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Quality control

Do my products and services meet my quality requirements?

Quality assurance is good – quality control (QC) is of course better. This is how one could put it in reference to a well-known German proverb. In practice, quality control is always somewhat “hidden” in the shadow of the big term quality management. Of course it is included, of course it is always kept in mind, but its special significance is somewhat lost.

The goal of all measures, from quality planning to quality measurement to quality assurance, is usually to develop and offer good products and services at an economic price. 

In the end, quality control must show whether this goal has really been achieved or can be achieved with the measures taken. Although quality control is thus clearly defined as the validation of the set quality goals, in practice it is often used simply as a synonym for quality assurance. However, by definition, the latter should only be concerned with HOW the processes for manufacturing products or offering services are designed.

Types of quality control

In the manufacturing industry, 4 types of inspections are usually dealt with in the context of quality control. These are based on the processes that are common today, and in particular on the fact that production today often no longer takes place locally.

Quality control before production – Pre-Production Inspection (PPI)

In this phase, it must be ensured that the raw materials, components, but also machines and processes used are suitable for achieving the desired quality target. Especially in the case of large orders that are not carried out in-house (e.g. in the Far East), this phase is very important. Suitable measures in this phase are, for example, a “first article inspection” or generally the inspection of samples and mock-ups.

Quality control during production – DUPRO

This type of control is intended to confirm the initially desired quality on the one hand, and to ensure continuity of quality on the other.

For this purpose, certain threshold values are usually set during production (e.g. 15% of an order) and then checked accordingly. The quality control during production can thus also initiate any necessary corrections and measures in order to reduce rework or rejects, among other things.

Quality control before dispatch/shipment – PSI

In practice, the PSI is usually carried out when a large part of the production is already ready for dispatch – but it does not have to be complete. The targeted quality goals are checked and documented again on the basis of random samples.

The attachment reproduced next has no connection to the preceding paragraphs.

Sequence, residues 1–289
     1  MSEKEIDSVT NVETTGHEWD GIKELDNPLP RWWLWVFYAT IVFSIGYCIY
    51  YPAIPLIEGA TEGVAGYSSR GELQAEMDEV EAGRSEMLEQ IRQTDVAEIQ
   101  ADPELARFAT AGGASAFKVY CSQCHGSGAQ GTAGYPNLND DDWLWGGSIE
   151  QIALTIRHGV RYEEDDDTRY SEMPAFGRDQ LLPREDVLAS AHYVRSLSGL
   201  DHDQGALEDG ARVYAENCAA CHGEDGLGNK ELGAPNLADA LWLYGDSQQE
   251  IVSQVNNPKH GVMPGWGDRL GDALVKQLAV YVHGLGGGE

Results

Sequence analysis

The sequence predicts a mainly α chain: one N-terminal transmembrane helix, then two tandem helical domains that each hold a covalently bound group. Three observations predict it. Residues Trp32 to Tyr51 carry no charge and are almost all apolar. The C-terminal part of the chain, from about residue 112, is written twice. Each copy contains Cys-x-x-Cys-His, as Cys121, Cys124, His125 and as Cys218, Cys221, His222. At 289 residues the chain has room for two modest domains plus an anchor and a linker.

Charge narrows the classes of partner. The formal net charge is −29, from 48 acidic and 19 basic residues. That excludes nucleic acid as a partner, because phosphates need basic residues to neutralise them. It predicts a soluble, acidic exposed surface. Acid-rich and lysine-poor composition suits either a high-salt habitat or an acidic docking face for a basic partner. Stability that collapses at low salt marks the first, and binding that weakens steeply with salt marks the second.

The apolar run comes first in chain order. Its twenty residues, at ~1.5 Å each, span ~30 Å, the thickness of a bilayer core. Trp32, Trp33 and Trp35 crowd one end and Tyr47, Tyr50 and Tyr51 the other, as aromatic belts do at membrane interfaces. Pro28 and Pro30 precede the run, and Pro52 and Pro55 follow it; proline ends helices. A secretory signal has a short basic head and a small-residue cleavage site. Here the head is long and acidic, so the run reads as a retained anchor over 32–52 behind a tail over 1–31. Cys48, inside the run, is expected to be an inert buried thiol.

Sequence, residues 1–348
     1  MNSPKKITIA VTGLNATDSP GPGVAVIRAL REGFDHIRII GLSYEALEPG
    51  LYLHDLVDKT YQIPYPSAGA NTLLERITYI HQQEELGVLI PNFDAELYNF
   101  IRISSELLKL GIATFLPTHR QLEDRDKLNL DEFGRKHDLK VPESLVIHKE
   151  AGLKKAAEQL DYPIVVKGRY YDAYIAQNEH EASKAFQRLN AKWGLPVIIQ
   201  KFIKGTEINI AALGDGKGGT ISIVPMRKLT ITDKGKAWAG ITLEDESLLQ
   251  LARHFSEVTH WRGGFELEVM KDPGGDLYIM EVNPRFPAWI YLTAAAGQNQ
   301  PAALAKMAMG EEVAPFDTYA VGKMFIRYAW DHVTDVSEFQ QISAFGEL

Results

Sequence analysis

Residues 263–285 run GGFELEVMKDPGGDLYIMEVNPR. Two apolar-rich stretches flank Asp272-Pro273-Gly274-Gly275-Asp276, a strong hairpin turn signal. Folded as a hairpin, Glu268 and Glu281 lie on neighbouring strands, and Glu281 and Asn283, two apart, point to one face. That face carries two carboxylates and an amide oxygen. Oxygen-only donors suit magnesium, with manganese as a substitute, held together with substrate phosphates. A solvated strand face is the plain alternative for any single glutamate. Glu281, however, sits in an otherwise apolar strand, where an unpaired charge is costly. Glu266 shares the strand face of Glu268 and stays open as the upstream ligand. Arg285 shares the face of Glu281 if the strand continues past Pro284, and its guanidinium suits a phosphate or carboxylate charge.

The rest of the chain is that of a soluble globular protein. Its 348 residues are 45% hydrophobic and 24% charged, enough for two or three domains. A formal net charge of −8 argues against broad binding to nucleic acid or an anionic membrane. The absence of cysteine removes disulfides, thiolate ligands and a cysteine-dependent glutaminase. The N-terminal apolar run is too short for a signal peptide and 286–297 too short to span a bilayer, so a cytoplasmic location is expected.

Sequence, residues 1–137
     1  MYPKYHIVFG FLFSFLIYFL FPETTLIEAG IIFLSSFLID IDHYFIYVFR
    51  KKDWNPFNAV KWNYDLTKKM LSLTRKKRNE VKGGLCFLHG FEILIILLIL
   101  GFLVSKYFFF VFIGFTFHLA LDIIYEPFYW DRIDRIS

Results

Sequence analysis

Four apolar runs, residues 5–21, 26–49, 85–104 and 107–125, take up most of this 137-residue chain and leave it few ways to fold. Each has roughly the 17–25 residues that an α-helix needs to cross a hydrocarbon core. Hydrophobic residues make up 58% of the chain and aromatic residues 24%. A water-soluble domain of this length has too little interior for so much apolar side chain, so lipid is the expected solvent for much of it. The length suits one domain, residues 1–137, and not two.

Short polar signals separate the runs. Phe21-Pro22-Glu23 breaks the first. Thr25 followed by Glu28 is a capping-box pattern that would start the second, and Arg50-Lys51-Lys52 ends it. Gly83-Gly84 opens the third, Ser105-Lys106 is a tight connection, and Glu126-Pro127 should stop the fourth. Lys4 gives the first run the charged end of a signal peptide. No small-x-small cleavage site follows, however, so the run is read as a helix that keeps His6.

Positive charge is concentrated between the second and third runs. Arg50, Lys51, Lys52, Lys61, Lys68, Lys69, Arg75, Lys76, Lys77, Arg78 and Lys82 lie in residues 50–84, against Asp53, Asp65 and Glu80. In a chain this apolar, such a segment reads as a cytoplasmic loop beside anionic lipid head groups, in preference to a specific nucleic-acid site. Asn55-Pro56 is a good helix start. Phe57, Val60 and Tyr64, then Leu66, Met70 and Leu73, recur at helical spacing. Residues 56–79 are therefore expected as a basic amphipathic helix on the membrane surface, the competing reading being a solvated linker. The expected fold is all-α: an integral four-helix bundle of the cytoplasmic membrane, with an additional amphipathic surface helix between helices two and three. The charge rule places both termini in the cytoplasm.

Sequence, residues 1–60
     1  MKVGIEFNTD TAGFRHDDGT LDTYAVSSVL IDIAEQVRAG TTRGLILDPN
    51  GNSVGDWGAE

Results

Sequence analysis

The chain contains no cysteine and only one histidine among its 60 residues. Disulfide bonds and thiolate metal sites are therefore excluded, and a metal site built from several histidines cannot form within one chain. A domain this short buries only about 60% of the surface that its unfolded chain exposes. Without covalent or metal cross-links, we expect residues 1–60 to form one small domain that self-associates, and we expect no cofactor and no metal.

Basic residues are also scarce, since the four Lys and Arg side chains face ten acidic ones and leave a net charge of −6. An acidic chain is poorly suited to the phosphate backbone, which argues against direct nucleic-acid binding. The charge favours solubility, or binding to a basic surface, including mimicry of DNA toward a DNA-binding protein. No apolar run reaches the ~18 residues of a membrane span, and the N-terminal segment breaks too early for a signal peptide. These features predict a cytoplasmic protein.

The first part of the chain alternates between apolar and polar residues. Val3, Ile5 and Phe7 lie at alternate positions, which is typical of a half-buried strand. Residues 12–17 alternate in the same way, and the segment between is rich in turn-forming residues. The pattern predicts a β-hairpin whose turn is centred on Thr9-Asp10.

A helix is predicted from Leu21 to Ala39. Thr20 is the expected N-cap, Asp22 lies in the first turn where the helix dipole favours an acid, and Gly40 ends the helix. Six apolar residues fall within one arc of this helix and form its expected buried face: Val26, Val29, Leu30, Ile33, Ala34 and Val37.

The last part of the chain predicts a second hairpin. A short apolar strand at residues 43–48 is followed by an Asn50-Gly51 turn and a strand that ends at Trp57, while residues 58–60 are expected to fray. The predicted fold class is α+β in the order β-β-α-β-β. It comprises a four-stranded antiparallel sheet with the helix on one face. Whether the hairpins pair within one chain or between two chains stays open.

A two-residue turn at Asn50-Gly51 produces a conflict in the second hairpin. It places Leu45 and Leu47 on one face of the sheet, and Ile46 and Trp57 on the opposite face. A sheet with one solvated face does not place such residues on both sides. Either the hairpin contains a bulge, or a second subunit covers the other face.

Load monitoring

Final quality checks take place when the goods are already loaded for transport. Here, too, random samples serve to make concrete statements about the quality of the entire production. Likewise, it must be ensured that shipping and transport themselves have no impact on product quality.

Comprehensive quality control - piece-by-piece testing

In certain areas, the conventional methods of quality control do not meet the existing requirements. If, for example, very high-priced articles are involved, or products are very risky, then only a piece-by-piece inspection can be considered. The effort here is of course extremely high, but can become necessary if the given circumstances require it.

Digital quality control

What sounds so banal is unfortunately still not really the reality everywhere today. Paper-based quality control is really difficult to eliminate – on the one hand for traditional reasons, on the other hand because it is simple and inexpensive. 

Quality control with classic checklists, however, has many disadvantages, which in today’s fast-paced world are becoming more and more serious.

  • very time-consuming
  • error-prone, possibly requiring multiple entries
  • complicated archiving and retrieval
  • tends to inconsistencies

Digital quality control naturally has higher initial costs, for example for the necessary hardware and software. However, it is the only way to eliminate the above disadvantages in the best possible way and to enable good further processing of quality control results.

  • lower error rates due to one-time recording
  • more comprehensive and structured documentation (e.g. through images, audio and video)
  • reduced time and reaction times
  • clearer and more user-friendly data acquisition and storage
  • better integration into existing digital system landscapes

Quality control as an important success factor - with PeRoBa Munich

With over 30 years of experience in the field of quality management, we build above all on comprehensive consulting and the development of overarching and proven concepts. With our successful work in the demanding disciplines of automotive and mechanical engineering, we can also help companies in other disciplines to improve their quality control. Ensure that your investments in quality management and assurance really pay off by regularly testing and inspecting your products and services. 

PeRoBa GmbH Munich helps you to establish the necessary processes so that you can operate in a high-quality and economical manner in the long term.

Quality control
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